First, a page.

Delta Aquariid meteor shower 2024: All you need to know

The Delta Aquariid meteor shower will start on July 12 and end on August 19 in 2024. The predicted peak of Delta Aquariids will fall on July 29, 2024 at 11:31 UTC.

It is the second most active meteor shower in the Southern Hemisphere after the Eta Aquariids in May.

The shower usually produces up to 28 meteors per hour during peak activity under clear, dark skies.

2024 will be a good year to see Delta Aquariids as the thin waning crescent moon will rise in the pre-dawn hours. So you will get an almost moonless night to observe Delta Aquariids during the peak activity.

Makrem Larnaout captured the Southern Delta Aquariid meteor shower in late July 2022 near the ancient Berber village of Zriba El Alia in Tunisia (full)
Makrem Larnaout captured the Southern Delta Aquariid meteor shower in late July 2022 near the ancient Berber village of Zriba El Alia in Tunisia. This composite image was taken over two days. (Image credit: Makrem Larnaout/APOD)

Duration of peak activity

Unlike the Quadrantids in January or the Lyrids in April, there is no sharp peak of the Delta Aquariid meteor shower.

The peak activity of the Delta Aquariid meteor shower can last up to about four days, centered on the predicted peak, making it easier to observe.

When to see the Delta Aquariid meteor shower in 2024

Wee hours (at around 2 to 3 a.m. local time) of July 29 and 30 is the best time to see the Delta Aquariid meteor shower in 2024.

The point from where the Delta Aquariid meteor shower radiates in the sky, called the shower’s radiant, rises in the late evening, reaches its highest point in the sky after midnight and then its altitude gradually decreases until it sets in the morning.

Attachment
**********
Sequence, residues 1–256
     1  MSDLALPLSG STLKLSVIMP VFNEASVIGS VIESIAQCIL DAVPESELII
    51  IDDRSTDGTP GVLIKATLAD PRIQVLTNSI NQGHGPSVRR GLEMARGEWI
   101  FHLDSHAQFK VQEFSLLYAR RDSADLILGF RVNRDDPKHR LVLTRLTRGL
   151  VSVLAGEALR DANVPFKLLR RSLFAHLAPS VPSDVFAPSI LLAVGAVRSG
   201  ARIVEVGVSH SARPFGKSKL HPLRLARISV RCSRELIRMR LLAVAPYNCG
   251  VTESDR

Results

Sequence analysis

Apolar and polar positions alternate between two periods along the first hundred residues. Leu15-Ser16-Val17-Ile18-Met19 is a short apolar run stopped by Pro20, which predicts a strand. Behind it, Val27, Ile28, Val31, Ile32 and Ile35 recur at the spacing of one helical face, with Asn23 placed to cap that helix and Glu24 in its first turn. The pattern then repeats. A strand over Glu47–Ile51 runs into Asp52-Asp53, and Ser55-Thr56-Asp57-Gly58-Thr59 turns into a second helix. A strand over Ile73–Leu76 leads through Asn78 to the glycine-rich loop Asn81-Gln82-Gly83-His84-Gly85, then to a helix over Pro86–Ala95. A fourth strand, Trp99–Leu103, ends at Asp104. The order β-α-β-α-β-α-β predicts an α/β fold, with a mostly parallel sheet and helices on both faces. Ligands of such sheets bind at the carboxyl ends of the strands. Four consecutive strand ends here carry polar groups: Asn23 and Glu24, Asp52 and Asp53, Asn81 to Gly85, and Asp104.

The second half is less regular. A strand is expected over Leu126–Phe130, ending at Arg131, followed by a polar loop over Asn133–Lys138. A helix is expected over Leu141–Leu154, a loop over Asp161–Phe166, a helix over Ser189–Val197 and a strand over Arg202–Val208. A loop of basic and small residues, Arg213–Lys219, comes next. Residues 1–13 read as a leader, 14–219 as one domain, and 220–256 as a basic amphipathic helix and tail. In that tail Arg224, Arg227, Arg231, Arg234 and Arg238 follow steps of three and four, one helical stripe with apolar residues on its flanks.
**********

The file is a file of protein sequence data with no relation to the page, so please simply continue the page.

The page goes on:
The radiant of the Delta Aquariid meteor shower climbs a decent height above the horizon around midnight, so I will suggest you start watching Delta Aquariids (Delta Aquariid meteors) from midnight and continue it till dawn.

Please remember, you won’t see Delta Aquariid meteor shower in the early evening as the shower’s radiant is located below the horizon in the early evening.

Where to look to see the Delta Aquariid meteor shower

The Delta Aquariid meteor shower radiates from the proximity of the bright star Fomalhaut. Look low in the southern sky in the wee hours to spot bright Fomalhaut.

Fomalhaut is the brightest star in the constellation Piscis Austrinus, the Southern Fish and the 18th brightest star in the night sky.

The loneliest Fomalhaut is easily noticeable in the southern sky, even in light-polluted areas and the radiant of the Delta Aquariid meteor shower is located slightly above the bright Fomalhaut.

However, I will suggest you don’t look at the bright star Fomalhaut only to see the Delta Aquariid meteor shower, as the meteors closer to the radiant have shorter trails and are difficult to observe. So move your gaze across the entire southern sky.

Visibility of the Delta Aquariid meteor shower

Like the Eta Aquariids in May, the Delta Aquariid meteor shower is most favorable to observers in the Southern Hemisphere, especially those located in the low-southern latitudes (from 5°S to 25°S).